St Paul’s hosts de­bate on good­ness

The Church of England - - NEWS -

SPEAK­ING to an au­di­ence of over 500 peo­ple in St Paul’s Cathe­dral, the Most Rev Vin­cent Ni­chols, said that fi­nan­cial in­sti­tu­tions and other bod­ies needed to be staffed by ‘good peo­ple bound to­gether by a good pur­pose’.

Giv­ing the key­note ad­dress for the first of three panel dis­cus­sions or­gan­ised by the Cathe­dral on the sub­ject ‘The City and the Com­mon Good: What kind of City do we want?’ the Arch­bishop called for a re­cov­ery of the car­di­nal virtues of pru­dence, jus­tice, tem­per­ance and courage. Faced with the pres­sures of a con­sumerist so­ci­ety, he said, peo­ple need to learn to de­sire well.

Call­ing for ‘en­ter­prises of good pur­pose’ he in­stanced Stafford NHS Trust as an ex­am­ple of an in­sti­tu­tion where lead­ers had lost their vi­sion of a mo­ral pur­pose. ‘Un­less you get that right, you will never get any­thing else right’, said the Arch­bishop. He went on to ar­gue that in­stead of just think­ing in fi­nan­cial terms, busi­nesses should aim ‘to de­liver a profit that adds to hu­man well­be­ing’.

Arch­bishop Ni­chols clashed with Tracy McDermott, Di­rec­tor of En­force­ment and Fi­nan­cial Crime at the FCA over the role of le­gal sanc­tions. He agreed that ‘law and reg­u­la­tion mat­ter’ but warned ‘new rules usu­ally deal with the last prob­lem not the next one’ and pointed to the dan­gers of a ‘com­pli­ance men­tal­ity’ that cre­ates ‘per­verse in­cen­tives’ and in­creases bu­reau­cracy.

Ms McDermott dis­agreed with the Arch­bishop say­ing that rules were a ‘nec­es­sary but not suf­fi­cient’ in­stru­ment to in­sure that eth­i­cal stan­dards were met. Most peo­ple in the City were ded­i­cated and hard work­ing she said, but one of the features of fi­nan­cial crime was that its con­se­quences were not al­ways ob­vi­ous. It was easy for peo­ple to see the harm done by bur­glary but the con­se­quences of fi­nan­cial fraud were not im­me­di­ately ap­par­ent and vic­tims were less ob­vi­ous. More and more fi­nan­cial trans­ac­tions are done by com­puter with the re­sult that peo­ple do not know and see the peo­ple they are do­ing busi­ness with.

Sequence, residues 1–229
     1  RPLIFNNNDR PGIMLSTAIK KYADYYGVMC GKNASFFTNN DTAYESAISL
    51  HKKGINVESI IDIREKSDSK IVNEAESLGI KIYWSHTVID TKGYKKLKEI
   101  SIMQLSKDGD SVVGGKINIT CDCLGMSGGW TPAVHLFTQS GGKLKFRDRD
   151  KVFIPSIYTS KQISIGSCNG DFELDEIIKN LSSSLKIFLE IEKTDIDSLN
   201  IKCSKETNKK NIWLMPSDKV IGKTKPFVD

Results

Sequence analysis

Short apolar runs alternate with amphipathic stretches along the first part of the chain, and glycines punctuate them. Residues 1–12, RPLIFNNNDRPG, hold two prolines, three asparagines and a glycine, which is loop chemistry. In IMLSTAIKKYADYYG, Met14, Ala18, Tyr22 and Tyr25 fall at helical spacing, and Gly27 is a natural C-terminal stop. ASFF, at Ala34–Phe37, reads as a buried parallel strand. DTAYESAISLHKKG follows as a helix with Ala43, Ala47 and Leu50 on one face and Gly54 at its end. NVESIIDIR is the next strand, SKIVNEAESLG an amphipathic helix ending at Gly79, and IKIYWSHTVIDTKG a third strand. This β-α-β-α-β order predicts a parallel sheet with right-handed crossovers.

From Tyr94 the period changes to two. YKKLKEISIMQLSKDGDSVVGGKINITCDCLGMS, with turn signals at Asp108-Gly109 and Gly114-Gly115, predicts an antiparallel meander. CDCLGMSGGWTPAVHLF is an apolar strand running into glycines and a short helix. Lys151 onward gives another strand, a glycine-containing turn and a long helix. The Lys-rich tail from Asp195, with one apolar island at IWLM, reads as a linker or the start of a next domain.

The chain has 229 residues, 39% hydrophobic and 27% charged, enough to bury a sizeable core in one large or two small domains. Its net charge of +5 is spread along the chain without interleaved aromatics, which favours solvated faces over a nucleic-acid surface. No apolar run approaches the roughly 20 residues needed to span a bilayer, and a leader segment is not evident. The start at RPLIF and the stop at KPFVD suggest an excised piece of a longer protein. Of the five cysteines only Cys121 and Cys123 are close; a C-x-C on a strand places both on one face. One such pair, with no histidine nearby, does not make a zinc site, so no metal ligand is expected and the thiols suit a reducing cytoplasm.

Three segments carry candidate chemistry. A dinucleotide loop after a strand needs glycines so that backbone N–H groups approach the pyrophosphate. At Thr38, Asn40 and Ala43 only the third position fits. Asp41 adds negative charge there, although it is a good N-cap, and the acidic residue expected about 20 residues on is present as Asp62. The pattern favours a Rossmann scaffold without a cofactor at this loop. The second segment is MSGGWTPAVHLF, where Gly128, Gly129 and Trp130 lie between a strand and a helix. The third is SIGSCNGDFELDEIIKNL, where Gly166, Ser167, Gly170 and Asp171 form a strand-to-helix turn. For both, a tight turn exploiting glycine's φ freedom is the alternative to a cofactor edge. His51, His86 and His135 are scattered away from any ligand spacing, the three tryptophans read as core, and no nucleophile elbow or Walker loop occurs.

The two other speak­ers on the panel, Baroness He­lena Kennedy and Bishop Peter Selby, favoured a more rad­i­cal over­haul of the cap­i­tal­ist sys­tem. Bishop Selby said he ‘ap­pre­ci­ated the as­pi­ra­tions of Arch­bishop Ni­chols’ but wor­ried that he had un­der­played the im­pact peo­ple of power in the City have on other, less wealthy peo­ple. In­stead of ‘schools of virtue’ he wanted ‘schools of re­sis­tance’.

Com­ment­ing on the de­bate, the chair, BBC Eco­nom­ics Corre- spondent, Stephanie Flan­ders, said that other eco­nomic sys­tems also ru­ined the lives or or­di­nary peo­ple. A change of sys­tem might not bring ben­e­fits. There were a num­ber of ques­tions from the floor. In re­sponse to one per­son who asked whether adopt­ing high eth­i­cal stan­dards in Bri­tain would harm in­ter­na­tional com­petive­ness Arch­bishop Ni­chols ar­gued that firms ul­ti­mately ben­e­fit­ted from hav­ing a good pur­pose.

Two fu­ture events are planned in the same se­ries. On May 7th the key­note speaker is Robert Skidel­sky and on June 12th it is Arch­bishop Justin Welby. Ad­mis­sion is by ticket, free from St Paul’s.

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